Complicating the matter is the fact that many cybercrime offenders – including in particular online bullying and cyberstalking – will create numerous fake social media profiles. In doing so, quickly ascertaining who is actually behind the profile, and is the guilty party sought after, before they are aware of police being on their scene, becomes more difficult.

The GPS tracker problem

The bill also utilises abstracts without clear definitions. Provision 7(d) of the bill, for instance, suggests that the defendant: “wear ankle or wrist bracelet GPS tracker for any act of grave violence or likely grave violence which may endanger the life, dignity or reputation of the aggrieved person;”

There is also the question of what the repercussions maybe for a wife that reports her husband and leads to him being tracked with a wrist GPS. There is the potential danger that a man may react even more violently to the social ridicule and ostracisation that may come with it.

Moreover, there are no provisions to indicate who will be monitoring on the GPS trackers. We also do not know whether Pakistan even has the mechanism or capacity to handle such a medium of monitoring someone.

Who will prevent this provision from being abused and how? Will the police, which is already lacking in resources, be able to react in time to a man violating the GPS order and staying away from his victim? There are many questions that need to be posed about these trackers, and the answers are nowhere in sight.

The blog further says that the the weaknesses in this Act could pose major problems in the future, adding that in it’s current state, it is a fabulous work in progress that requires improvements.

The Tribune – Thousands to march for Panjabi in Lahore

Vishav Bharti, Tribune News Service

Chandigarh, 18 February 2016. “It is a unique phenomenon that the educated Punjabi is ashamed of his mother tongue and thinks that it is the language of the uncultured,” wrote famous Pakistan academic Prof Eric Cyprian about the condition of Punjabi in Pakistan more than two decades back. It seems not much has changed after that observation.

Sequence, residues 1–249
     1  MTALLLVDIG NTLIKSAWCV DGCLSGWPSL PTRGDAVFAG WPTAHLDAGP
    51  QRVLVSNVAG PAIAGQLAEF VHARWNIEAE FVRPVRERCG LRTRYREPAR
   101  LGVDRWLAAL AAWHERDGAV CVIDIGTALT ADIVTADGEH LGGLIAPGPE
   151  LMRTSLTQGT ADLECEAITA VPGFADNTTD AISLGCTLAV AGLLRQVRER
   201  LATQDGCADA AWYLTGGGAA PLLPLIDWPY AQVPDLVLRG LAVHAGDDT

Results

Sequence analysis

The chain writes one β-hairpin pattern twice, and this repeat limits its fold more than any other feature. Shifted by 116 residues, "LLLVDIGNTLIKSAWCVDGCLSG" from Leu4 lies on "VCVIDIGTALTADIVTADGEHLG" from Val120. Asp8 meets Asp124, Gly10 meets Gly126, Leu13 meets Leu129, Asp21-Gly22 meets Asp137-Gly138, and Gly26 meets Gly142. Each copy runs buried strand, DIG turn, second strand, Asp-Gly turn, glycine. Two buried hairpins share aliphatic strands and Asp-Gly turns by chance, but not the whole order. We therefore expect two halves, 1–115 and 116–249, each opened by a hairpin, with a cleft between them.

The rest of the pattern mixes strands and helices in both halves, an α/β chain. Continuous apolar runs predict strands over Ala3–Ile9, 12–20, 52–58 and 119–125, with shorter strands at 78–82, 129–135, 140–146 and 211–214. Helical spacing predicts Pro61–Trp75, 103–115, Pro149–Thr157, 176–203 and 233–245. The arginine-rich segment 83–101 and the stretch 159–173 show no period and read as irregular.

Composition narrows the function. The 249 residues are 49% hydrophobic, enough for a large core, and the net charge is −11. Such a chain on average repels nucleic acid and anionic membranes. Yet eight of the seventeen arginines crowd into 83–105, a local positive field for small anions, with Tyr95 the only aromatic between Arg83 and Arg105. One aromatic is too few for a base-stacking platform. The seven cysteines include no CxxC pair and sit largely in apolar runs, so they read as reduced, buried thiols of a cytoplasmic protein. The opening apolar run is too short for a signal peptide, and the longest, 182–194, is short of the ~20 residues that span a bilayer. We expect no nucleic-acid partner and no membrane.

On Sunday, those very Punjabis — in thousands — will march at Lahore for their right to study in and speak their mother tongue. February 21 is also celebrated as International Mother Tongue Day across the world.

The Pakistan Punjabi Adabi Board, an independent organisation which promotes Punjabi language along with around 20 bodies, will hold the protest march from Lahore Press Club to the Provincial Assembly of the Punjab (Pakistan).

Lahore-based writer and columnist Mushtaq Soofi, president of the board, who is one of the main organisers of the march, told The Tribune over the phone that this year, they are expecting over 5,000 people.

During the march, speeches are made hailing the Punjabi language. Songs are sung, street plays and folk dances are performed in Punjabi.

Soofi said that they started the event four years back with around 300 people. “Now, people from faraway places like Kasoor, Sargodha and Sahiwal also travel specially to participate in the march. Youngsters form a major chunk of the marchers. A large number of women also participate,” he said.

He said that the religious fundamentalism has greatly damaged Punjabi language in Pakistan. He said that barring Punjab, all other provinces in Pakistan enjoy the right to education in their mother languages like Balochi, Sindhi and Pashto. Punjabi activists have filed petitions in this regard in the Punjab High Court and Supreme Court.